Go to contents

Big Corporations Implementing Countermeasures to High Oil Prices

Big Corporations Implementing Countermeasures to High Oil Prices

Posted August. 15, 2004 21:57,   


Samsung group affiliates are coming up with measures to respond to the unexpectedly high international oil prices, industrial circles said on Sunday.

“We have not yet taken specific measures like adjusting our business goals, but the prolonged high oil prices will force us to revise them for the latter part of 2004,” said Samsung. “Because oil price hikes will hurt advanced economies, such as the U.S. and Japan, the recovery of domestic businesses will be delayed.”

Hyundai and Kia Motors, which recorded their highest sales in the first half of this year helped by increased exporting, have strengthened their liquidity by refraining from unnecessary investment and spending.

Hyundai Motors revised this year’s sales target from 710,000 to 605,000 units, and Kia Motor from 415,000 to 295,000 units.

LG Electronics is bracing itself for high oil prices through its “TDR (Tear Down & Redesign) initiatives.” TDR aims to cut down costs and enhance productivity by breaking down the existing production process and redesigning it.

“As for home appliances, when the average crude oil prices (Dubai oil) rise from $35 to $45, to $55, and to $65 per barrel, the purchasing price of materials goes up by two, four, and six percent, respectively,” said LG Electronics. “We have redesigned our production process to prepare ourselves against such circumstances.”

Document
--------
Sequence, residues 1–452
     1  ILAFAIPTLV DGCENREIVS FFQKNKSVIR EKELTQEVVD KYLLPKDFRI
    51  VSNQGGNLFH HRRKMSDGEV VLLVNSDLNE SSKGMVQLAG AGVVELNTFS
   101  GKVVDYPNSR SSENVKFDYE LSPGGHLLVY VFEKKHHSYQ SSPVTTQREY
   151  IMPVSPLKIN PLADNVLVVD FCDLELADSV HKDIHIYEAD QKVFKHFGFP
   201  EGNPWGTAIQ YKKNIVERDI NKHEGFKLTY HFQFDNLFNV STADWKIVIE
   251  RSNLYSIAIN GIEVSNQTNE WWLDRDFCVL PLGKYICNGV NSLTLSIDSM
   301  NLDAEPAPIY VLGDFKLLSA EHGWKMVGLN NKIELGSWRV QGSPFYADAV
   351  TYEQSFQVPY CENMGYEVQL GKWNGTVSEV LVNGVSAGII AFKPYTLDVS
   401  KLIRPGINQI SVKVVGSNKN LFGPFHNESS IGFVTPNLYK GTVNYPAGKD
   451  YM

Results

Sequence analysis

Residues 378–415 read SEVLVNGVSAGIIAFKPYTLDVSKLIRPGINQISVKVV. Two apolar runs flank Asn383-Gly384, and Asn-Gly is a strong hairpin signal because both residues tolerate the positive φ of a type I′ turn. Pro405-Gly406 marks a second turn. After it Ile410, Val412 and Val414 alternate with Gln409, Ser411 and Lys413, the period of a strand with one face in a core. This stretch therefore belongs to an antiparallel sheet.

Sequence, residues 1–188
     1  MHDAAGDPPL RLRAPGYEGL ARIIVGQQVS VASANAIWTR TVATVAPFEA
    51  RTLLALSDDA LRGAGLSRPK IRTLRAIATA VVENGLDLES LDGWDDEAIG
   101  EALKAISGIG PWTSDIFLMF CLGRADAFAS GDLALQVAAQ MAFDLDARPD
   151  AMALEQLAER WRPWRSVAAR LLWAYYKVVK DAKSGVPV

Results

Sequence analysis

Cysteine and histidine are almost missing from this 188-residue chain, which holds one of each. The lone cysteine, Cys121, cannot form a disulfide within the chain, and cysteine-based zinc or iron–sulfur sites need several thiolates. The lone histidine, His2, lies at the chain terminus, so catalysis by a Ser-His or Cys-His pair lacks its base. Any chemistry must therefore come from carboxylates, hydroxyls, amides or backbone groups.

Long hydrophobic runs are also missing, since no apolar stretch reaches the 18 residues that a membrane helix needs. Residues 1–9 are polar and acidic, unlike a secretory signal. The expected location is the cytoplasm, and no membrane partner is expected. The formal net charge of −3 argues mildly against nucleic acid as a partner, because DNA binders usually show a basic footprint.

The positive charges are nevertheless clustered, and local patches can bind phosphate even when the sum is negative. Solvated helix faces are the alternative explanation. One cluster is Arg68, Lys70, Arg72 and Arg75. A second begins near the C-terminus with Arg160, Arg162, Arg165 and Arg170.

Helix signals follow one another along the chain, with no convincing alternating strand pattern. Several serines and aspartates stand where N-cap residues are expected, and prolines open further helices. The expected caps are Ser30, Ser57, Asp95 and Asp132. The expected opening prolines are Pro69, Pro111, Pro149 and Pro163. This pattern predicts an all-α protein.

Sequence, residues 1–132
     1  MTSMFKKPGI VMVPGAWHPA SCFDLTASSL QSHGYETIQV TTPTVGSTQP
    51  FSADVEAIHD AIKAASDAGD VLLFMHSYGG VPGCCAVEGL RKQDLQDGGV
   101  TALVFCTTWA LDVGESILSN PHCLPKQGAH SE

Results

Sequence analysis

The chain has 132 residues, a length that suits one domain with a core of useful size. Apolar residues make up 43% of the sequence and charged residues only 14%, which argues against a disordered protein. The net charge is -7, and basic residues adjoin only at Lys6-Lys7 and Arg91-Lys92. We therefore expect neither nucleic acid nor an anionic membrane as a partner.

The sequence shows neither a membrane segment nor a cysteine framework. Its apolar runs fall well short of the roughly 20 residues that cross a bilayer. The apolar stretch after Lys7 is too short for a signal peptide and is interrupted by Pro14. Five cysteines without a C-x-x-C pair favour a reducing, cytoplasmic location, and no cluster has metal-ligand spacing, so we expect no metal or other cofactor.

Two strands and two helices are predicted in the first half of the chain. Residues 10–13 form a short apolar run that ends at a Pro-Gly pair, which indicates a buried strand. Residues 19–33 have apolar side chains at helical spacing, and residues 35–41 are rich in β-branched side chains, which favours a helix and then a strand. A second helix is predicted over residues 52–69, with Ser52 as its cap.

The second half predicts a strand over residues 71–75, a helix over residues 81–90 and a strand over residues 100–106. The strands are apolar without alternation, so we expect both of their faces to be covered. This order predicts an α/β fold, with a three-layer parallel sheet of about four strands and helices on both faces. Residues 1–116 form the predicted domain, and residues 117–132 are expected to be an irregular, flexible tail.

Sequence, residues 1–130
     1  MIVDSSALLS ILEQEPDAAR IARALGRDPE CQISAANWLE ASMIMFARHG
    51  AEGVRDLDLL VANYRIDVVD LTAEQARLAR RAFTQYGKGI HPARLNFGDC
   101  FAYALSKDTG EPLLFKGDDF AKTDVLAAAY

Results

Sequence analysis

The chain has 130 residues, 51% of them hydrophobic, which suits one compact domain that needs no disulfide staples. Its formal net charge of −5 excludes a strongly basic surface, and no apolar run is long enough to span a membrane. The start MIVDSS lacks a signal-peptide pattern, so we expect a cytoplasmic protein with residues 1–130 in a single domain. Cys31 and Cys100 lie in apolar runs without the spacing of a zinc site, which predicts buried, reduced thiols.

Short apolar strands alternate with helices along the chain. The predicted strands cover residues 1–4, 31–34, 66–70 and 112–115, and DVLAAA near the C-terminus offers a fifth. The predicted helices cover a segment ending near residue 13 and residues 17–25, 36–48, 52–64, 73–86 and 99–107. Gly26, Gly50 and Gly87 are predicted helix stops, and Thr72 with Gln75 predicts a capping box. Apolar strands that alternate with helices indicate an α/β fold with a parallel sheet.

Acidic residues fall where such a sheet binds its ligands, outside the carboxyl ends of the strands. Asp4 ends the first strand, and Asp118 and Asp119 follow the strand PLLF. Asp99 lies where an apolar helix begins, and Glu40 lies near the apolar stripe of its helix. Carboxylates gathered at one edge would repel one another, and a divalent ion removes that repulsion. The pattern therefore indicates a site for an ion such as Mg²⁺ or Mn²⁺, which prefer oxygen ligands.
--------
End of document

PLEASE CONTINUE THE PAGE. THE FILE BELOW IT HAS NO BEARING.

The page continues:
Airline and petrochemical industries, which are highly vulnerable to oil price hikes, have already implemented countermeasures against soaring oil prices.

Korean Air is holding regular meetings on cost cutting attended by its CEO, and has decided to raise the airfare by an average of four to five percent beginning August 15.

Korean Air and Asiana Airlines estimate the extra burden from surging oil prices at $400 billion and $120 billion, respectively, this year.

“We cannot raise the price of our products despite oil price hikes, because many of our customers, petrochemical businesses, have already gone under,” said Samsung Petrochemical. “We plan to increase exporting from last year’s 28 percent to 35 percent at the end of this year.”

Korea’s leading chemical fiber producer Kolon said, “The only measures we can take in the short term are cutting costs and diversifying our business customers. We will inevitably revise our business plans for the third and fourth quarters if oil prices remain high.”

Joong-Hyun Park Keuk-In Bae sanjuck@donga.com bae2150@donga.com